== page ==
Viewpoints

How the IRS is watching municipal employee benefits

By Randy Shepard

 

Local governments of all sizes continue to be the subject of Internal Revenue Service (IRS) audits that have resulted in assessment of significant fines and back taxes. Often these findings come as a surprise to the governments, who assume they were handling things properly.

The specific areas of IRS concern have been in four major areas: personal use of employer-provided vehicles, cell phones, clothing allowances and meal reimbursements.


​PersonaI use of vehicles
The biggest risk is in the reporting and calculation of the “commuting benefit” for employees who are provided a take-home vehicle.

For employees with take-home vehicles, the commuting benefit is taxable income and must be reported to the IRS. The easiest way to do this is by establishing a daily benefit amount (IRS currently allows for $3.00 per day) and reporting it as taxable income on the employee's Form W-2.

For elected officials with a government owned vehicle, the IRS requires a calculation using the lease value of the vehicle and a statement of the percentage of total vehicle usage that is personal in nature. This must also be reported as taxable income on the employee's W-2.


Cell Phones
Cell phones historically were considered listed property under the Internal Revenue Code Section 280F. The Small Business Jobs Act of 2010 enables the value of personal usage of a device provided to an employee predominately for business purposes to be excluded from the employee's gross income. It is recommended that government entities adopt policies regarding the personal use of employer-provided cell phones, identifying the device as predominately for business purposes.

Many employers have a flat monthly payment to employees who use their personal cell phones for work-related purposes. Such flat monthly payments are no longer considered income. These payments can be made through the payroll system as reimbursements and excluded from taxable income.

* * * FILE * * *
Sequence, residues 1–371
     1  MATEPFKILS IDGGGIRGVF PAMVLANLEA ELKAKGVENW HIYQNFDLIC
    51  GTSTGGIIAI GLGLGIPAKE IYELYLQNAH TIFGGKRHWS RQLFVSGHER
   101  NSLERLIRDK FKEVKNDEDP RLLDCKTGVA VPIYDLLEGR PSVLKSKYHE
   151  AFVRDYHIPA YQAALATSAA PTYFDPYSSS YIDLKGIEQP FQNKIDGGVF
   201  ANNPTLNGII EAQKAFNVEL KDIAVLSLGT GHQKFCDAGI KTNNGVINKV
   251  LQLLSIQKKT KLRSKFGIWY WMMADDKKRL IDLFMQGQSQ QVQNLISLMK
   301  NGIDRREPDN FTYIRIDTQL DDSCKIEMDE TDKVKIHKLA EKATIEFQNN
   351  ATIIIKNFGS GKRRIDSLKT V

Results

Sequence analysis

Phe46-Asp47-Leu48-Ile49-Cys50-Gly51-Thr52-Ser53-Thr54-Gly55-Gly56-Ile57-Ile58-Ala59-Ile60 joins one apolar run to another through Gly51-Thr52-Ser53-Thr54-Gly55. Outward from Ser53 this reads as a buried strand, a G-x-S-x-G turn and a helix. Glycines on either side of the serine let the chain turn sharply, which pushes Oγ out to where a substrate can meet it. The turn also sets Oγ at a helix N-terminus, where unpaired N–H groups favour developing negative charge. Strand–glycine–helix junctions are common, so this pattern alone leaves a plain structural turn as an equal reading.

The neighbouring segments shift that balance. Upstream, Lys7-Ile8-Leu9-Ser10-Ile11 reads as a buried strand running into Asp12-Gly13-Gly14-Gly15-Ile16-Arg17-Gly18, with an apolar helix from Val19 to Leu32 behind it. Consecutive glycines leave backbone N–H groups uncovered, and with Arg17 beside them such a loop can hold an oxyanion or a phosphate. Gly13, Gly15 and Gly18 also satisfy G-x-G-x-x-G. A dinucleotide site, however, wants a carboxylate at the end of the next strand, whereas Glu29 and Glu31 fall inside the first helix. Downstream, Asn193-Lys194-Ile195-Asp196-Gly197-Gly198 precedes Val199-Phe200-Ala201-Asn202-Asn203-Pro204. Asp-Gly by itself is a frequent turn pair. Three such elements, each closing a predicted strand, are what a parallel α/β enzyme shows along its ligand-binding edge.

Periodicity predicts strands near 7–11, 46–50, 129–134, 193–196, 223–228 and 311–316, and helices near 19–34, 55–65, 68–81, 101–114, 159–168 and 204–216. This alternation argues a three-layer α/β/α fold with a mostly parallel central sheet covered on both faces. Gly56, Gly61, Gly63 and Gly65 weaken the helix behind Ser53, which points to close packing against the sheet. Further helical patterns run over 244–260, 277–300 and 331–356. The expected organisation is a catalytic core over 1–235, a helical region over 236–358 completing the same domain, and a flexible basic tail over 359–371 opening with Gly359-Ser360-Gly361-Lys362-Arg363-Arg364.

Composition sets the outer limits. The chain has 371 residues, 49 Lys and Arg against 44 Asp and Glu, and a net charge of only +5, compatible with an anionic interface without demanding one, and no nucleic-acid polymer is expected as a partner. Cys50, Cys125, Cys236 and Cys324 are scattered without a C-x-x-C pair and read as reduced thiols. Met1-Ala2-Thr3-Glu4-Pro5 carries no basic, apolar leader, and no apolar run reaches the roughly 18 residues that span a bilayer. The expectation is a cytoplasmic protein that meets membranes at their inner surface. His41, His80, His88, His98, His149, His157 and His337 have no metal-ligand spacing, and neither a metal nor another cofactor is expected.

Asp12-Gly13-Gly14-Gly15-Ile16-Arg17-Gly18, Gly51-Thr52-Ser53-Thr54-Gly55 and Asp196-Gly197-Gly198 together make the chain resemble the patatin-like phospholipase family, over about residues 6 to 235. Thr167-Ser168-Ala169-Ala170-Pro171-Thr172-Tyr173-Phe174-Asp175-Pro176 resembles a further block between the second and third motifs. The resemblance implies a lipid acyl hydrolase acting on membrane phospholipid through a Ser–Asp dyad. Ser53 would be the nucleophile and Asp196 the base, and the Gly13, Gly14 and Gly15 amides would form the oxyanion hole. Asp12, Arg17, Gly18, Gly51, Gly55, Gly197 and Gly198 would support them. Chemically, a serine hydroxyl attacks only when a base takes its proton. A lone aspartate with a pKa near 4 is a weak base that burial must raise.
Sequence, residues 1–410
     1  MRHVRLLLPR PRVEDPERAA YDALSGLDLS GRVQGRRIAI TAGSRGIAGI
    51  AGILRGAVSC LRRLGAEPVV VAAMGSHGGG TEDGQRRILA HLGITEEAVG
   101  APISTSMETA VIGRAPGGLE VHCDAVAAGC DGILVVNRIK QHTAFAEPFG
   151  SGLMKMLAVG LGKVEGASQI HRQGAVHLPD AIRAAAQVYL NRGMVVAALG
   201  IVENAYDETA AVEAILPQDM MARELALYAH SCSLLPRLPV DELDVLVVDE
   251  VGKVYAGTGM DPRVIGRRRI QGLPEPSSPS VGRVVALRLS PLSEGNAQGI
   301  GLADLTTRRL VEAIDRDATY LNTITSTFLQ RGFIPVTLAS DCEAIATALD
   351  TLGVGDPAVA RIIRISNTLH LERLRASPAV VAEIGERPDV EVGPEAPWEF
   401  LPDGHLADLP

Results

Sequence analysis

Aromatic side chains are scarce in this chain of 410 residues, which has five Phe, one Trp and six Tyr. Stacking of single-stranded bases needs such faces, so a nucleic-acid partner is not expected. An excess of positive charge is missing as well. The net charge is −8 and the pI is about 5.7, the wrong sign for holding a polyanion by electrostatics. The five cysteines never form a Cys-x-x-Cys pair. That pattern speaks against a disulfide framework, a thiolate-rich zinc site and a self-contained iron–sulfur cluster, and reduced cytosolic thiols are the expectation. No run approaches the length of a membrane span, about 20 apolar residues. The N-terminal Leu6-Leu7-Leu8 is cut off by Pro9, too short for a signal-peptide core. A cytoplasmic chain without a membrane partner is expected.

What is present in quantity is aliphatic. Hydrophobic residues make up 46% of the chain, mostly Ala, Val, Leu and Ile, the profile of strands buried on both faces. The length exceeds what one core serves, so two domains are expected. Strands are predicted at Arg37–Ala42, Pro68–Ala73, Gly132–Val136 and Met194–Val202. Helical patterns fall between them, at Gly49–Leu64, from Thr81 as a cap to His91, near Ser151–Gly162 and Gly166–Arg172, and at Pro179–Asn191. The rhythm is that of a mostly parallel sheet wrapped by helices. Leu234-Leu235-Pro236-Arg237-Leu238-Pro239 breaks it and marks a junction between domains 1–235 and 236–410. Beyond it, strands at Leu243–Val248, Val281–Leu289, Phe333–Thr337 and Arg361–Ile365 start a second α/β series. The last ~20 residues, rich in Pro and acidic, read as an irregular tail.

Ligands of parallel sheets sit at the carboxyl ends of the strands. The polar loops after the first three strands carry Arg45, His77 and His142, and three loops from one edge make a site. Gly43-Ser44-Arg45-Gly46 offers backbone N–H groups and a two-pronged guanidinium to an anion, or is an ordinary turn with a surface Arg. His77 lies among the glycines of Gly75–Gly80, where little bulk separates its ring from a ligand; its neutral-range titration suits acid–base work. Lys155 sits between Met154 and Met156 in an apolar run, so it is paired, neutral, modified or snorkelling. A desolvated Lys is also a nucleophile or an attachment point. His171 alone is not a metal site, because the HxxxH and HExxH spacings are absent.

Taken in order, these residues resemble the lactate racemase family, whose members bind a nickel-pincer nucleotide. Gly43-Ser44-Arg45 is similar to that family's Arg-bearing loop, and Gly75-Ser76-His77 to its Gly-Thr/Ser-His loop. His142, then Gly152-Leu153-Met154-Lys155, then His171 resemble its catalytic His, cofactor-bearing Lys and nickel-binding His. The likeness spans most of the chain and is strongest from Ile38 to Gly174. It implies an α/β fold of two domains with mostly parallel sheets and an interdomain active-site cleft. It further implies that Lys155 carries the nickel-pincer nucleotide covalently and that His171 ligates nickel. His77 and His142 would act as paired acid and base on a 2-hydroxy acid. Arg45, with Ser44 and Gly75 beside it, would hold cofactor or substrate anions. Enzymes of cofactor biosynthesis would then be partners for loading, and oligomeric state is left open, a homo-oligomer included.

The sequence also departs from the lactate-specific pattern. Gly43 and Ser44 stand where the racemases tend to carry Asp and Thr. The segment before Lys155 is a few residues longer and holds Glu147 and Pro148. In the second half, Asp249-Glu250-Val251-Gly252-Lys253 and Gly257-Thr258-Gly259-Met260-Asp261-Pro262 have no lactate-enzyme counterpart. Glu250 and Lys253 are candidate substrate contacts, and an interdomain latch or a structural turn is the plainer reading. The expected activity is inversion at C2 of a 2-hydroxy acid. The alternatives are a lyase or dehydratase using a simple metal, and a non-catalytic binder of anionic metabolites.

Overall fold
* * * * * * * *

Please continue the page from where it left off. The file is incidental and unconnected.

Clothing allowances
In accordance with many collective bargaining agreements and other agreements, many public sector employees receive payments for clothing and uniforms. Where employees provide a proof of purchase and receive payment, no IRS tax liability exists.

However, in a system where employees receive a flat dollar allowance and do not have to account to the employer for this allowance (receipts), then the payment is a taxable fringe benefit. It is recommended that such allowances be paid through the payroll system with the appropriate payroll tax withholdings taken and included on the employee's W-2. It is the employee's responsibility to then deduct their actual expenditures and employee businesses expenses on their individual tax return subject to the normal limitations.
 

Meal reimbursements
In general, reimbursements for employee meal and lodging expenses must be related to overnight travel on behalf of the employer.

There are many government entities with policies or agreements that reimburse employees for meals purchased a certain distance from their office or outside of the government’s boundaries. In both cases, these reimbursements are generally considered to be additional wages to the employee if there is no overnight travel associated with the expense, and must be reported as income on the employee's W-2.

There are other significant areas of concern in this employee-benefit arena, including worker classification and independent contractor status, along with various awards and prizes. All of these issues merit a closer look by government leaders.

The IRS will likely not lighten up on its active enforcement of government-related employee benefit rules. Review your current situation and contact knowledgeable professionals with questions.


Randy Shepard, CPA,  is a partner in The Bonadio Group’s Government Division and provides consulting, accounting and auditing services for clients such as municipalities, public authorities, school districts and local development corporations.

 

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Discuss this Blog Entry 1

on Feb 22, 2018

I just want to point out what I think is an omission in your article. With regards to a Clothing Allowance you stated "many public sector employees receive payments for clothing and uniforms. Where employees provide a proof of purchase and receive payment, no IRS tax liability exists." That is not the standard and it may be taxable. The purchase must fit the IRS definition of a uniform or safety equipment. Many municipalities in Massachusetts have been audited and penalized for reimbursing employees tax free for clothing that does not meet the standard. General rule of thumb is if they can wear it outside of the workplace it is taxable to the employee. Further even safety equipment, say steel toed shoes, are taxable if not required to be worn by the employer.

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